There is much that is chilling in this book, sometimes to the point of repetition. Buildings collapse in horrible ways, people are buried, killed outright, swept away or simply never found. Bureaucracies do what bureaucracies do. Many chapters begin with eyewitness records, a powerful journalistic technique but one that can be overused. (The image of masonry falling out of the sky is horrifying, but once is probably enough). Repetition notwithstanding, On Borrowed Time moves swiftly from the west to the east coast of North America, and the earthquake phenomenon reveals itself as Craigie describes the causes and results of quakes that most readers will never have heard of.
Readers in British Columbia, especially those that live on the coast, will identify with Craigie’s concern about the “next big one,” and the wealth of information on tsunamis, which can result from impossibly distant earthquakes, reminds us that coastal residents have much more than the Cascadia subduction zone to worry about. I read part of the book during a visit to Pacific Rim National Park, where tsunami warning signs are common, and Craigie’s stories of people racing for higher ground while a tsunami closed in at hundreds of kilometres per hour had me taking a fresh look at my surroundings. There are beach resorts outside Tofino that are perilously close to sea level, and my hotel’s tsunami evacuation card instructed me to pile into my car and race to high ground in Tofino. Along with everybody else, and on a road that dips close to sea level for every gorgeous stretch of sandy beach.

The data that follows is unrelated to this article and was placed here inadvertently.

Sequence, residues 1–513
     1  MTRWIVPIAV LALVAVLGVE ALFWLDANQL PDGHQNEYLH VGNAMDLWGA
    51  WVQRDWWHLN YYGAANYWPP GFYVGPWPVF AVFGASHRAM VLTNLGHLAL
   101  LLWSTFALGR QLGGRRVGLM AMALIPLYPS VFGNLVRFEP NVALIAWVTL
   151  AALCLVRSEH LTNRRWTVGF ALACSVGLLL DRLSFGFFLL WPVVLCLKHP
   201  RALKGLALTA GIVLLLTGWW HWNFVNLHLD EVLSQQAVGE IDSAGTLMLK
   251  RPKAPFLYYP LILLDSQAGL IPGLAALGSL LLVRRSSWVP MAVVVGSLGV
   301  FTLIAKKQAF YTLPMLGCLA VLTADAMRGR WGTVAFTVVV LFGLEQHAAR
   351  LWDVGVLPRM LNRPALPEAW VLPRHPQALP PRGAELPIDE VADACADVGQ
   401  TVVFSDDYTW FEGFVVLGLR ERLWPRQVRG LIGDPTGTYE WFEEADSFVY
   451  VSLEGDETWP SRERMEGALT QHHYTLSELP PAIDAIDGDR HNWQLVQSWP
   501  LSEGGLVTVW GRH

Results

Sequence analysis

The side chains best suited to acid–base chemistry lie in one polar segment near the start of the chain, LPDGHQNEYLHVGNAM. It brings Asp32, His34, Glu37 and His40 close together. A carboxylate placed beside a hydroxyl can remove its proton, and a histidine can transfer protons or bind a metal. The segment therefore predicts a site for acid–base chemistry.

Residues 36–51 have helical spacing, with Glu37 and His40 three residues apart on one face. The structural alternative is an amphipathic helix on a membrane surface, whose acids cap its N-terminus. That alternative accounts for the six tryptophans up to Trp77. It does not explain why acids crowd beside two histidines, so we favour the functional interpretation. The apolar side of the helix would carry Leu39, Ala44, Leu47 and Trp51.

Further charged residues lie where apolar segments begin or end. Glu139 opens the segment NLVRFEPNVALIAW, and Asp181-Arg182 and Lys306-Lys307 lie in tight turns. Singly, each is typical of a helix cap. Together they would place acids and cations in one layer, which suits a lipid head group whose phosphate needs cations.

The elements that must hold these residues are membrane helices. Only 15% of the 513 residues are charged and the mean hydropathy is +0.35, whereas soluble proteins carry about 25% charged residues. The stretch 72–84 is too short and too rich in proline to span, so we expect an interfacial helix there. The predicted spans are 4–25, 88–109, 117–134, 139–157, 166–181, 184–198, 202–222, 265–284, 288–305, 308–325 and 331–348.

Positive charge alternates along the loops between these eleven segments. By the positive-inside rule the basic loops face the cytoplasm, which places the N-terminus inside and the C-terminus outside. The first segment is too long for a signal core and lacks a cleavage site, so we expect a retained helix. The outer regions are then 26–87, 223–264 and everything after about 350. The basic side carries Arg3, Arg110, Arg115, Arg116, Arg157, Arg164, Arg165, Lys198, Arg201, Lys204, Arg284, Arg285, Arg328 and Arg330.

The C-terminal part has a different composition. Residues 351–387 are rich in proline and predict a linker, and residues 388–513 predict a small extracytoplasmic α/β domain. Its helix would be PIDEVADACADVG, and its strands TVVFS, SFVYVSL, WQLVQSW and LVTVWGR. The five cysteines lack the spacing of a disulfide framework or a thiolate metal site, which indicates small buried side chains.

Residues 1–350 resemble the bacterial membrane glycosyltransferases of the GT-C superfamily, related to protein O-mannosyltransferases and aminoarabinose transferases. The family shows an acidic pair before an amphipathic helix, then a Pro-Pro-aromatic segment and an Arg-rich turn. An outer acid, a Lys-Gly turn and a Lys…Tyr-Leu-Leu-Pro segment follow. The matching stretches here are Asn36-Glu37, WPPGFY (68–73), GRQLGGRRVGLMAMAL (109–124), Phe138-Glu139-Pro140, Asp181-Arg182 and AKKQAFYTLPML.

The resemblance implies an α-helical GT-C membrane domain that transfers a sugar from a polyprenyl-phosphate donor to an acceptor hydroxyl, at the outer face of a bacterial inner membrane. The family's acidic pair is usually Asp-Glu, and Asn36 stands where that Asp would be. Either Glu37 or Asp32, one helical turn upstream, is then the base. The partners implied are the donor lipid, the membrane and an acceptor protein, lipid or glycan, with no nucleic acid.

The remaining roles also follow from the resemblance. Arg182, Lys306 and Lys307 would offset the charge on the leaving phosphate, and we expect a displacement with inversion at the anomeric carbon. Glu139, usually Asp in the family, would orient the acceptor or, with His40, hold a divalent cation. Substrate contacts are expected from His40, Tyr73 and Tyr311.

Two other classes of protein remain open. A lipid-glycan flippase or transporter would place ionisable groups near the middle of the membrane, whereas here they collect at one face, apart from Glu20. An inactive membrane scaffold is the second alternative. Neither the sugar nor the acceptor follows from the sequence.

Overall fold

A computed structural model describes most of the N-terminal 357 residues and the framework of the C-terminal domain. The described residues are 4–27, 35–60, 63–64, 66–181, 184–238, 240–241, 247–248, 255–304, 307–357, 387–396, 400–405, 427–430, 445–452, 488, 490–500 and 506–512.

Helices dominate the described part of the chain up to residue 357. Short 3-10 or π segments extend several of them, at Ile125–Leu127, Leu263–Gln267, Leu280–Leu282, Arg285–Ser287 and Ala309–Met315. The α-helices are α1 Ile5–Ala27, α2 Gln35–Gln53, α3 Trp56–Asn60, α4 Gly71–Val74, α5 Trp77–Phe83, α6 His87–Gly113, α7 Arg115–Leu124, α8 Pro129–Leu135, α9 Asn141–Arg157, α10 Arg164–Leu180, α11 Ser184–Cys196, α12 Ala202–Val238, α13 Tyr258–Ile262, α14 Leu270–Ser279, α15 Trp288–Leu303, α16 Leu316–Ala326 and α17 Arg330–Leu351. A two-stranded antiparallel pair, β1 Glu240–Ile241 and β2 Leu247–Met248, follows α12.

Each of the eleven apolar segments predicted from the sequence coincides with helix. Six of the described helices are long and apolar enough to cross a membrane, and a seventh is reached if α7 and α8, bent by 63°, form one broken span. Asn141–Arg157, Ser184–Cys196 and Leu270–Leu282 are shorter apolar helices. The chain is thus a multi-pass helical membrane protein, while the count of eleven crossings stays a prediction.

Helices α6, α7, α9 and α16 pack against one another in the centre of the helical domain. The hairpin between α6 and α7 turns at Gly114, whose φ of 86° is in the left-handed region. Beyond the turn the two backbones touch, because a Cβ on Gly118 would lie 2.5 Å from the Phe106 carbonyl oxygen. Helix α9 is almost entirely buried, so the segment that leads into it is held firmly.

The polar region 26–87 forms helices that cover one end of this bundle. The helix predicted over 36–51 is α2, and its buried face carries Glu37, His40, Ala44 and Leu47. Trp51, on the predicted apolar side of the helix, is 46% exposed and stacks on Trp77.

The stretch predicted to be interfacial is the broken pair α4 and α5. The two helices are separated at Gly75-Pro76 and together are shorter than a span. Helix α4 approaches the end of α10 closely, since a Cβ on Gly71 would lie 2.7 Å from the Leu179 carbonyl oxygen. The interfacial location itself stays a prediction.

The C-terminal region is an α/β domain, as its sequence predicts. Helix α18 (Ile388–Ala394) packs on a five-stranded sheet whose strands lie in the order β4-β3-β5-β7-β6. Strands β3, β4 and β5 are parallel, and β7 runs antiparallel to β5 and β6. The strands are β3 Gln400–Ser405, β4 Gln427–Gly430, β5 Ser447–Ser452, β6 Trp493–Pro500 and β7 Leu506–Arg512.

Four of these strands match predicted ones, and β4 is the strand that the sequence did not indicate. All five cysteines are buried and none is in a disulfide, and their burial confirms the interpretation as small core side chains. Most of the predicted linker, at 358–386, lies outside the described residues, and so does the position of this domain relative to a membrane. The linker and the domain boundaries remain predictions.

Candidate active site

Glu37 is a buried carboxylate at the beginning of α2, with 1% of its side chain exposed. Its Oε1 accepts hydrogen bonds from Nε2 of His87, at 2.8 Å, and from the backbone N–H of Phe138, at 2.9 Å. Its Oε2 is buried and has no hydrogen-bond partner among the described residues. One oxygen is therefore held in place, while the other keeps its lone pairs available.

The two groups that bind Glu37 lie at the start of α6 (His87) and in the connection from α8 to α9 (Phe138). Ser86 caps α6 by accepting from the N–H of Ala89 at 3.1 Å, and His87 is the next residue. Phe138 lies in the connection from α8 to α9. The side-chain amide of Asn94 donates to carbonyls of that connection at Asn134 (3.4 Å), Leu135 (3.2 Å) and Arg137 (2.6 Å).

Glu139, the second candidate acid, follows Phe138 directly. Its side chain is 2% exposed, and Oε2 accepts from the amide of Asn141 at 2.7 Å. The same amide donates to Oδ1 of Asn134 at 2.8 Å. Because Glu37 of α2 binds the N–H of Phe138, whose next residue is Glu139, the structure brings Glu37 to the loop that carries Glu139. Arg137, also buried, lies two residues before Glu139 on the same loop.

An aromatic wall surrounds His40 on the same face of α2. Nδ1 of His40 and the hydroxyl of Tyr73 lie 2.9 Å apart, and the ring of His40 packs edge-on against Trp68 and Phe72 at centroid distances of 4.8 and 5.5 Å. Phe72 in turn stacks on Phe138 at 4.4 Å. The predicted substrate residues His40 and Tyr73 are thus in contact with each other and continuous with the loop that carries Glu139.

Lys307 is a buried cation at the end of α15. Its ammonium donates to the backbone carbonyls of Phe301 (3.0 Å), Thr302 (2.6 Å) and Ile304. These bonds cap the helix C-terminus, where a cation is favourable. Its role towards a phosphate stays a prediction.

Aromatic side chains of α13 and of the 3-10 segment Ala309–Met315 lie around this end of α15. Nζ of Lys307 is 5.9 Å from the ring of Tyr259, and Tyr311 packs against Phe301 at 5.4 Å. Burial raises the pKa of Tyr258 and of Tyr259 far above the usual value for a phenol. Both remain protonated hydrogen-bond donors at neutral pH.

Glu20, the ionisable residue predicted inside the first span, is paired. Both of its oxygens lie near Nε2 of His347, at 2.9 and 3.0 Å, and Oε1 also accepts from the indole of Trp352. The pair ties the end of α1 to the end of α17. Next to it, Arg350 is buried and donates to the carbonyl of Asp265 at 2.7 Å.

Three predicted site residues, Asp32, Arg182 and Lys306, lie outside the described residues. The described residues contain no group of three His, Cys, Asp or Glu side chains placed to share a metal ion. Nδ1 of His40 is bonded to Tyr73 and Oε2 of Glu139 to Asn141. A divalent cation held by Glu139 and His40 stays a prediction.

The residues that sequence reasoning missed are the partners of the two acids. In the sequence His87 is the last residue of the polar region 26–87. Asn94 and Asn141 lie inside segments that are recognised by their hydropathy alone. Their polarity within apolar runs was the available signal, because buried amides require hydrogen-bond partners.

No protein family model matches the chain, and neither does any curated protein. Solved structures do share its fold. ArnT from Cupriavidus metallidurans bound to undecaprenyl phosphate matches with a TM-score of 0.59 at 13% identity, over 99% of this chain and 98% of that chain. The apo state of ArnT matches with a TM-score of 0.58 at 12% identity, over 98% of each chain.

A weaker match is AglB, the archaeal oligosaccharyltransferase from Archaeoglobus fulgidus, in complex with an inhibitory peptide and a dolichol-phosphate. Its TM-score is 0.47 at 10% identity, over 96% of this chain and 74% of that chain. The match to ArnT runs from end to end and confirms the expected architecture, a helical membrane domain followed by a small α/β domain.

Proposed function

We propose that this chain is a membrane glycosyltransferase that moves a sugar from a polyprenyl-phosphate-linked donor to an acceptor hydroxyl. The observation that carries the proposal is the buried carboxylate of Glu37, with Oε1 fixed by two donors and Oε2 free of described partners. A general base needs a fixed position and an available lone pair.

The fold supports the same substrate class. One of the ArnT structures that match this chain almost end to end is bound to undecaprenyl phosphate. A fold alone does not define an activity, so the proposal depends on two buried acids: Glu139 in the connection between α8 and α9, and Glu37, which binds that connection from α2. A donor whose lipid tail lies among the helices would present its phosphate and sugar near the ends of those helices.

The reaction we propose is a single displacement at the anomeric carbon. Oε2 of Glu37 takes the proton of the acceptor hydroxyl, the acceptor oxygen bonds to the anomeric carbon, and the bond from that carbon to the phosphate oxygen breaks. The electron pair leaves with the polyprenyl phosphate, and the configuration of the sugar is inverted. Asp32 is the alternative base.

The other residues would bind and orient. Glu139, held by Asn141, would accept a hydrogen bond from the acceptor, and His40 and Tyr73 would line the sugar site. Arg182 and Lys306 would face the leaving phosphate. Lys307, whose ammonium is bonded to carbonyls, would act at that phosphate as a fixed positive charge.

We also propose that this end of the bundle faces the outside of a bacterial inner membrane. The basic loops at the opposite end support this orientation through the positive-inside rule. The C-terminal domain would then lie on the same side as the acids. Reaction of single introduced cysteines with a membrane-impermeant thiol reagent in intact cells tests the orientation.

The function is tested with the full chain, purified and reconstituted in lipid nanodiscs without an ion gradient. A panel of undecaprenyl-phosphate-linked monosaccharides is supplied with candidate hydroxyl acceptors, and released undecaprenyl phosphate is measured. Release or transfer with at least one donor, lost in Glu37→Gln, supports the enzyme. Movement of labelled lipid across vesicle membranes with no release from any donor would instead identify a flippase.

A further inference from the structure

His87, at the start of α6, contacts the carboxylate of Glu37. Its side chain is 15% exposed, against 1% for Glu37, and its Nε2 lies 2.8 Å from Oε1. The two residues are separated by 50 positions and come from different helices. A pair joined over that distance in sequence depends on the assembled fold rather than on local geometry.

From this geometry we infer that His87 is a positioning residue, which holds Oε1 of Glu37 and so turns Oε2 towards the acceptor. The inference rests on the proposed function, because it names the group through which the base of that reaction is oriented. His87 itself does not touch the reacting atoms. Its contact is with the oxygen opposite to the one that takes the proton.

The west coast of North America was, of course, settled long before the string of tsunami-trap hotels appeared on the road to Tofino, and Craigie well knows the importance of Indigenous oral traditions in piecing together the local history of earthquakes and tsunamis. Accounts collected by early twentieth century ethnographers are rich in stories of great shakings and inundations, and Craigie relates one especially compelling story of a withdrawal and resurgence of the ocean so enormous that Cape Flattery became a temporary island. A tip from Richard Mackie, editor of The Ormsby Review, led me to a fascinating academic article on Indigenous seismic traditions called “When the Mountain Dwarfs Danced;” in it I found accounts of cedar canoes trapped in the upper branches of giant trees. There are records of costumed earthquake dances and myths about the origins of earthquakes that run from the dancing dwarfs (a Nuu-chah-nulth belief) to ghosts (Kwakwaka’wakw) to titanic struggles between Thunderbird and killer whale (from the Quileute, in Washington State).